DOHA: Every summer, the US Federal Reserve (Fed) hosts its coveted economic policy symposium in Jackson Hole, Wyoming. One of the world’s longest-running central banking conferences, the event brings together top economists, bankers, market participants, academics and policymakers to discuss long-term macro issues.

The Jackson Hole Symposium has always been a high profile on the economic agenda of investors and policy makers, but this year the significance of the event was paramount. For the first time in decades, Jackson Hole occurred during a historic policy normalization process that saw inflation well above target.

Importantly, however, the symposium followed a period of speculation about the possibility of a short-term “policy shift” by the Fed. After months of aggressive monetary tightening with rate hikes of 75 basis points (bps) each, investors expected policy makers to be less aggressive after the summer. Inflation in the US is likely to peak in June, he said, and a “peak of inflation” will lead to a “peak of tightening”. In fact, the market has started pricing in a significant rate cut for him in the second half of 2023.

Despite these hopes for the Fed’s moderates, the tone of Jackson Hole policymakers is decidedly ‘hawkish’ in favor of more rate hikes and withdrawal of liquidity. It was biased toward a more aggressive tightening rather than a “dovish” policy turn to slow down. According to Federal Reserve Chairman Jerome Powell, inflation progress is “far from what the committee needs to see before it is confident inflation is declining” and “restores price stability.” It is likely that a restrictive policy stance will need to be maintained for some time,” Powell said, adding that future decisions on rate hikes will depend on data, with a 75-basis-point He stressed that an unusual rate hike “may be appropriate”.

In QNB’s view, we expect the Fed to lean ‘hawkish’, raising rates by 75 bps in September and 50 bps in November and December, with a final 25 bps hike in early 2023. . percent. There are three main reasons for supporting the QNB’s view on the policy rate.

First, even if US inflation were to drop significantly, it would still be well above the 2% target. In the past, every time U.S. inflation exceeded his 5%, inflation problems would not abate until the policy rate was raised aggressively to a level at least as high as peak inflation. I don’t think the policy rate will exceed his 9.1% “peak inflation” this June, but his 3.8% final rate, which the market is currently pricing in, looks overly optimistic.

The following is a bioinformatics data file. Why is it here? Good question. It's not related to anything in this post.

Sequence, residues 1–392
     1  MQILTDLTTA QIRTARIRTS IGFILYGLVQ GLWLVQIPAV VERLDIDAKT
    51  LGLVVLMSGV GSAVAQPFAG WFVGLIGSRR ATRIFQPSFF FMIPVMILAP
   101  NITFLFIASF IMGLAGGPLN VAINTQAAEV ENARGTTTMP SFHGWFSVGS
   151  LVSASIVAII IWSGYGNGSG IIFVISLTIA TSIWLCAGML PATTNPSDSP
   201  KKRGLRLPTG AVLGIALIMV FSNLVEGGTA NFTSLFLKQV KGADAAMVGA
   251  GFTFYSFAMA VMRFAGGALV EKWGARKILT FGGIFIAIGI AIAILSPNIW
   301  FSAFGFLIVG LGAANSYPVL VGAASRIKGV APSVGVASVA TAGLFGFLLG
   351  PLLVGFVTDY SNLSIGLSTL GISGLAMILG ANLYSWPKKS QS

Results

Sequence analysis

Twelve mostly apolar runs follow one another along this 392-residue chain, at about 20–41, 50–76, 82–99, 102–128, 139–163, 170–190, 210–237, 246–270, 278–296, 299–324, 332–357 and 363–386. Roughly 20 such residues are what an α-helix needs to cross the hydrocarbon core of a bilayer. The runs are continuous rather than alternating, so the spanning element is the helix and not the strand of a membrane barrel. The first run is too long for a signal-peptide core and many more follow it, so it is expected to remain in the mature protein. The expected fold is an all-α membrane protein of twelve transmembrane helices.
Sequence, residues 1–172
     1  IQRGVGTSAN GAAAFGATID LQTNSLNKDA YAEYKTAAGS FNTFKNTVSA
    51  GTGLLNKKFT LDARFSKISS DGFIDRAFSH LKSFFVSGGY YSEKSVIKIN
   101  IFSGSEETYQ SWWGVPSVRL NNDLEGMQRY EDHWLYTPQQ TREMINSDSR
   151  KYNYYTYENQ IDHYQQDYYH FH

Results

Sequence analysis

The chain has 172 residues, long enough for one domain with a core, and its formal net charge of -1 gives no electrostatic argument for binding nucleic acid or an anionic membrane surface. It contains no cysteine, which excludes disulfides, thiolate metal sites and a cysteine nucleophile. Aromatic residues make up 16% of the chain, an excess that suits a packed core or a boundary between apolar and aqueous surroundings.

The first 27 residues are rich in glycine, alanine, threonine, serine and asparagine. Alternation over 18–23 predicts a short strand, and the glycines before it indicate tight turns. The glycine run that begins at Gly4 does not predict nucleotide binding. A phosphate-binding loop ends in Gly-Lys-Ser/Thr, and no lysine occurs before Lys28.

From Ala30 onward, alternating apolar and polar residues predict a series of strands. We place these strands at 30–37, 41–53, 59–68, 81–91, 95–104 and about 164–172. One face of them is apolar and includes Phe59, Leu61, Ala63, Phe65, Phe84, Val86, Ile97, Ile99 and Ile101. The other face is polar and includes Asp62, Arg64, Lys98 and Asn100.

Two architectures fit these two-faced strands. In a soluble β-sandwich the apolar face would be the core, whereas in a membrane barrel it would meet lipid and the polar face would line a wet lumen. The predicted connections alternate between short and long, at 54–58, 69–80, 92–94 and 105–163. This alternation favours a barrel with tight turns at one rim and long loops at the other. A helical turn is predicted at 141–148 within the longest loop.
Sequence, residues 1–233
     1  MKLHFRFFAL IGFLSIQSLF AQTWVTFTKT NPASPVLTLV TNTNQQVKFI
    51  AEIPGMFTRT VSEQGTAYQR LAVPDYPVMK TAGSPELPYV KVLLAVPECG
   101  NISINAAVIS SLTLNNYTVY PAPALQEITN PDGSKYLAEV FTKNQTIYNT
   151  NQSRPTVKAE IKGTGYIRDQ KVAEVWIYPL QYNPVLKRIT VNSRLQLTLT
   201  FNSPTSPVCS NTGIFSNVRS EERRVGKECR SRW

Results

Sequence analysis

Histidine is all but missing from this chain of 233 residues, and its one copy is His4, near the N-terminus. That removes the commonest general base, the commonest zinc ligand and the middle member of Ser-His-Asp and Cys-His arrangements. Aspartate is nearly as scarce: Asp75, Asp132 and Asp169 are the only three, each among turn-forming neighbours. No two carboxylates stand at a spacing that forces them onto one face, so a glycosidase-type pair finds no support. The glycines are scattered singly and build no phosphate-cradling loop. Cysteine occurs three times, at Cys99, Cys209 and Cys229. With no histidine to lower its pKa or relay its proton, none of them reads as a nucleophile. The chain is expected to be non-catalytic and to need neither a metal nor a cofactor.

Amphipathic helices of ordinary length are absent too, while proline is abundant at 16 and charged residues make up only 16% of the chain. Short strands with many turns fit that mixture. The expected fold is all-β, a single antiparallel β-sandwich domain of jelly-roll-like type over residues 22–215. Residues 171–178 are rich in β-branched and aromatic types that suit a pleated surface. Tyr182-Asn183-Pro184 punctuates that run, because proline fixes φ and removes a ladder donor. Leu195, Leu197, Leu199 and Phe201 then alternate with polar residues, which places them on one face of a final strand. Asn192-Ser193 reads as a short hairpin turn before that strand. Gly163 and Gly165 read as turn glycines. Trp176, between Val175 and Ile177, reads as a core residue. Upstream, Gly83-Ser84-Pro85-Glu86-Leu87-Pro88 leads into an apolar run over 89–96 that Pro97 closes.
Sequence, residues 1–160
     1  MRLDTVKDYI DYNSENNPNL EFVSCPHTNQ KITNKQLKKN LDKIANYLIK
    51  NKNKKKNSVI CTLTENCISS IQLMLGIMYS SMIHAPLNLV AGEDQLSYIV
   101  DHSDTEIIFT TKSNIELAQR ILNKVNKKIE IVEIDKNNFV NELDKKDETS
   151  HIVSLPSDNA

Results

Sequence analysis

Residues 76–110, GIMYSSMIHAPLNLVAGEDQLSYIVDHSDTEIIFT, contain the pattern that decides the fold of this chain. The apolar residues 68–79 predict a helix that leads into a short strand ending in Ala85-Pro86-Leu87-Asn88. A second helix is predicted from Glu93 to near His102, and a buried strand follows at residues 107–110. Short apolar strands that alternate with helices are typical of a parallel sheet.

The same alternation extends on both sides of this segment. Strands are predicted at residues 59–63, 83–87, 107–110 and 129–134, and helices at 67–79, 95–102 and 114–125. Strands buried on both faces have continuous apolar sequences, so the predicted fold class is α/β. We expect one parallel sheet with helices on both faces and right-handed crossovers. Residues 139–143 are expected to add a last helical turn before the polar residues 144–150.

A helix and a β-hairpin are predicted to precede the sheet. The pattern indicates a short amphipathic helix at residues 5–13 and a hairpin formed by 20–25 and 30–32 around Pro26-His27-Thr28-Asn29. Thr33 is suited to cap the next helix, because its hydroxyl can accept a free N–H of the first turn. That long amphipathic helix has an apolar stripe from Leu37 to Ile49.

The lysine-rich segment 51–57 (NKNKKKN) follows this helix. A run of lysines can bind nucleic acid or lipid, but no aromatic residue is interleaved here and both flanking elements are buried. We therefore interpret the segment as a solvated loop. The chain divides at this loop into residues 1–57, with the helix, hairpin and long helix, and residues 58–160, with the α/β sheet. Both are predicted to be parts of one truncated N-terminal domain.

Second, despite the recent slowdown, the US economy remains strong, allowing for more aggressive monetary policy tightening. US consumers are particularly healthy, with strong household balance sheets and high levels of available cash ($15.8 trillion). This supports household spending on services, high levels of private domestic investment and a tight labor market. This situation could make the Fed even more cautious about finally pausing rate hikes.

Third, the current balance of institutional incentives favors a more aggressive Fed, even if higher interest rates could lead to a more severe economic slowdown and financial turmoil.

The Fed’s credibility suffered because it failed to recognize the scale of the existing inflation shock early last year. So the Fed is still trying to catch up with inflation and regain its price stability status. In other words, the current policy turnaround hurdles are much higher than in any monetary policy cycle in the last 40 years. The Fed is unlikely to pause before inflation drops significantly for some time.

All in all, Fed officials took to the Jackson Hole stage to reset market expectations about rate hikes. With U.S. economic fundamentals remaining relatively strong while inflation remains well above target for some time, the Fed will be “hawkish” in the short term as it fights to restore confidence. It may continue to tilt. .

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